The point is, if you're going to use a float, then you might as well only use:
Code:
const float Pi = 3.141592;
However with a double you can go up to:
Code:
const double Pi = 3.141592653589793;
In fact, I don't see any reason to use float at all (unless you have enormous arrays of them and storage is an issue). Why not just use double for everything?

Also, instead of having to find the expression with the 16 or 17 decimal digits for pi to paste into your program every time, you can use the library function atan() to initialize it:

Code:
#include <iostream>
#include <cmath>

int main()
{
const float fPi  = 3.141592653589793238462633832795;
const double dPi = 3.141592653589793238462633832795;
const double xPi = 4.0 * atan(1.0);

std::cout.precision(27);
std::cout << "fPi = " << fPi << std::endl;
std::cout << "dPi = " << dPi << std::endl;
std::cout << "xPi = " << xPi << std::endl << std::endl;

return 0;
}
Someone has already pointed out that the formula for area in the original post has an "oops". A simple way to get the correct answer is something like:
Code:
Regards,

Dave

"pi-r-square: That can't be right. Pie are round; cornbread are square!"

-- A little jingle I learned in my youth in the flatlands of Southeast Arkansas.

8. I'll probably be wrong and you guys will be like duh, but I think its still wrong. Remember order of operations??? You need to do exponents first so it would be:
Code:

9. Originally Posted by cerin
I'll probably be wrong and you guys will be like duh, but I think its still wrong. Remember order of operations??? You need to do exponents first so it would be:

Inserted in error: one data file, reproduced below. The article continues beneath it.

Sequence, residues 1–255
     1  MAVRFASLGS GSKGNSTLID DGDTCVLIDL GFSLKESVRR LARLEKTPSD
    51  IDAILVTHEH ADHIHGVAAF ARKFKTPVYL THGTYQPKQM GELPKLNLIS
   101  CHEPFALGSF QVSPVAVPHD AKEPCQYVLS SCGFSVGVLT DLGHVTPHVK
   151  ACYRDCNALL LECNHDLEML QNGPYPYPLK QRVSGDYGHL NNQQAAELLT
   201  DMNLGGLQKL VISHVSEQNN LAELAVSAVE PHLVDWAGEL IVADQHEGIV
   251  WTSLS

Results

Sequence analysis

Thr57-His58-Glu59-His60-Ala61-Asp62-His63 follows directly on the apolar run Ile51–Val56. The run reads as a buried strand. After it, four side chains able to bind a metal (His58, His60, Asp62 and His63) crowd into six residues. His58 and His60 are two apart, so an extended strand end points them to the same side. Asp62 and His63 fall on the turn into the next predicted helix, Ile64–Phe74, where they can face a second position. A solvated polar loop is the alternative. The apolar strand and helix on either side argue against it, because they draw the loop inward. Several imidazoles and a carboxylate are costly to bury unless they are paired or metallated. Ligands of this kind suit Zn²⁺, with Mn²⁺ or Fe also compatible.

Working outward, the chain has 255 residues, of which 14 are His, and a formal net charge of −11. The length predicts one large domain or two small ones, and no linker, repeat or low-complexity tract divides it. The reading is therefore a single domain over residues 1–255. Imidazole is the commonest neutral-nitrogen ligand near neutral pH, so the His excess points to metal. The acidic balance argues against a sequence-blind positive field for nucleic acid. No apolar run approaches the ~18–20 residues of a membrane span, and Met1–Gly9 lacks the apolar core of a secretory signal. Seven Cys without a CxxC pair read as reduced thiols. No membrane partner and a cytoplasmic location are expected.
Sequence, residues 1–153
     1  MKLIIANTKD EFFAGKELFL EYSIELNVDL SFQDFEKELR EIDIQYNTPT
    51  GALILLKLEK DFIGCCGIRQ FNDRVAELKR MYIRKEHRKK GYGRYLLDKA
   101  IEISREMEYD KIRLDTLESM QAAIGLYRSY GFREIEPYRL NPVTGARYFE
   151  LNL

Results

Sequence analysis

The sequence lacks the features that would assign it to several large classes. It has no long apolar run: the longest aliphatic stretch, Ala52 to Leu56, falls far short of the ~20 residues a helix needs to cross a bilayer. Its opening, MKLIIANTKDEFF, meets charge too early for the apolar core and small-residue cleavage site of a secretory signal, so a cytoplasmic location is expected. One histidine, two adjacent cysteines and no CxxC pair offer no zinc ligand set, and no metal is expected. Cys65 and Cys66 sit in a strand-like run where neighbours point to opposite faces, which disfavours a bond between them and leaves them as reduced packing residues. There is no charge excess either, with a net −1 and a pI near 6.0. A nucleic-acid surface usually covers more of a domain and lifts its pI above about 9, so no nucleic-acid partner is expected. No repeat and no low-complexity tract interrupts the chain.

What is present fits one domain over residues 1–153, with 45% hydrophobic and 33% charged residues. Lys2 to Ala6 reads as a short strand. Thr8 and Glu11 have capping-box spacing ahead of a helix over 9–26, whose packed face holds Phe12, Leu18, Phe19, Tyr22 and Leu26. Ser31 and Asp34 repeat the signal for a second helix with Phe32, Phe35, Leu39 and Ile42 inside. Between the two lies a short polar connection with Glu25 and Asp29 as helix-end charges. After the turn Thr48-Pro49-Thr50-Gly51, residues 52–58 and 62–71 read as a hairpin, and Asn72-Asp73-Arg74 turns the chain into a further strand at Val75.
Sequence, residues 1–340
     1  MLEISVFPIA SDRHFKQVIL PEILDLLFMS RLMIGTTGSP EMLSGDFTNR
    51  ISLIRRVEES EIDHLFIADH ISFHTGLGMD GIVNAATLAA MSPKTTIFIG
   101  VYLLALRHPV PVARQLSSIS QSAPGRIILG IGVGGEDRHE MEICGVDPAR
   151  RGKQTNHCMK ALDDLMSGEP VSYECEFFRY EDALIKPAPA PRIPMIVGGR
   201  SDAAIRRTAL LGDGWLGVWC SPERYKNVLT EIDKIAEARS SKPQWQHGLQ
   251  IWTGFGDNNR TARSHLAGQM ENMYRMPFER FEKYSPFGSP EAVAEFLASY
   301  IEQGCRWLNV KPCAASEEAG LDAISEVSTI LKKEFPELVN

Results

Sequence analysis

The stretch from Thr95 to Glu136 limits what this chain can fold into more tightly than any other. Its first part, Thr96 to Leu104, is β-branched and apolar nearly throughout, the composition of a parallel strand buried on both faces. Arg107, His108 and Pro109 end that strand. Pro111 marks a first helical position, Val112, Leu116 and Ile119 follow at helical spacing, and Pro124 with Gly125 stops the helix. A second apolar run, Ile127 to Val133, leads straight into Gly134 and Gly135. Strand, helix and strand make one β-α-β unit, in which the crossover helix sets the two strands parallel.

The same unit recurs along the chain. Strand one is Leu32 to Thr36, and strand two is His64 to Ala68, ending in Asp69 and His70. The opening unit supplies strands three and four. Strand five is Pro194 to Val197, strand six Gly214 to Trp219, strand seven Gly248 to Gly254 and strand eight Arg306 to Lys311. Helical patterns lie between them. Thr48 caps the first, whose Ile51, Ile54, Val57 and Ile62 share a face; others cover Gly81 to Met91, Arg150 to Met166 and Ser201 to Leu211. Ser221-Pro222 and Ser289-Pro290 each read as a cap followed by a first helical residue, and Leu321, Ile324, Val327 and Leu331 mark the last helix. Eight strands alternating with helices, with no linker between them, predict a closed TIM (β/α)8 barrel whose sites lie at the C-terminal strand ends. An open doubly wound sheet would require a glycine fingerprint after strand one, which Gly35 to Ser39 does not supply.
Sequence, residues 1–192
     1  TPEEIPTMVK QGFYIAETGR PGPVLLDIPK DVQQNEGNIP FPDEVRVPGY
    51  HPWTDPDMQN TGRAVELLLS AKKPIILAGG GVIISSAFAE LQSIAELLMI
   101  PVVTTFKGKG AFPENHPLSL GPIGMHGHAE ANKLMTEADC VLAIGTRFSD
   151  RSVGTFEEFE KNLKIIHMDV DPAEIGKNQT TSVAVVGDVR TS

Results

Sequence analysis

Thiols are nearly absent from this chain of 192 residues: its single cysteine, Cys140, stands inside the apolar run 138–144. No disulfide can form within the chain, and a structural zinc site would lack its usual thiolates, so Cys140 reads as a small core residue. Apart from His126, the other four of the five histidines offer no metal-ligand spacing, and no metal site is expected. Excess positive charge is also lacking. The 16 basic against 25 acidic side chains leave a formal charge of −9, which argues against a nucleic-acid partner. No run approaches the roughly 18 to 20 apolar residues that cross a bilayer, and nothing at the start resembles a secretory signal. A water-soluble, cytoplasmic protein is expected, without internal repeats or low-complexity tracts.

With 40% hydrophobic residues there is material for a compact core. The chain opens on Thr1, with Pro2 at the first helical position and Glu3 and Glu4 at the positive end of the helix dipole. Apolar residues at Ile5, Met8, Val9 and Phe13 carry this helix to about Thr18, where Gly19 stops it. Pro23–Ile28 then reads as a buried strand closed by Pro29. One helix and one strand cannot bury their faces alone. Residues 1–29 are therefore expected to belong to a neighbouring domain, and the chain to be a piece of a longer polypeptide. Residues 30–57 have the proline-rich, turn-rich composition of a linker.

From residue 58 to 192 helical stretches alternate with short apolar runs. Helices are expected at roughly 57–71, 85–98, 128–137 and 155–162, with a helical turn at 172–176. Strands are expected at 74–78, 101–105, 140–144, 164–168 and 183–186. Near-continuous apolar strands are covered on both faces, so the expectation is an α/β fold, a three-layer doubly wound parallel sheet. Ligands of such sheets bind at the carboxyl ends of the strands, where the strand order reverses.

Code:
Thie following code performs two multiplications (no exponents in this expression --- as a matter of fact there are no exponent operators in C or C++)
Code:
The following code performs two multiplications

Code:
Results are the same with or without parentheses, since there is no precedence to contend with.

In cases like this, you can sometimes learn by making a program that uses both expressions and see if you can come up with an example that shows a difference. (Just remember: you can't prove that they are the same just by testing; you have to know how things work. On the other hand, if you can come up with an example that shows they are different, then you have proved your point.)

Regards,

Dave

10. Originally Posted by ComDriver
const float Pi = 3.141592653589793238462633832795;
Use the M_PI constant in <cmath>

Originally Posted by Dave Evans
Also, instead of having to find the expression with the 16 or 17 decimal digits for pi to paste into your program every time, you can use the library function atan() to initialize it:
atan uses numerical methods and might not be accurate.
M_PI is shorter, more or equally exact and easier to understand.

Originally Posted by cerin
I'll probably be wrong and you guys will be like duh, but I think its still wrong. Remember order of operations??? You need to do exponents first so it would be:
Code:
No.
Basic elementary school algebra: The order of multiplication doesn't matter.

More precision of PI than a few digits is quite pointless actually. Even if you could measure the radius exactly, the formula A=pi*r^2 itself becomes inaccurate.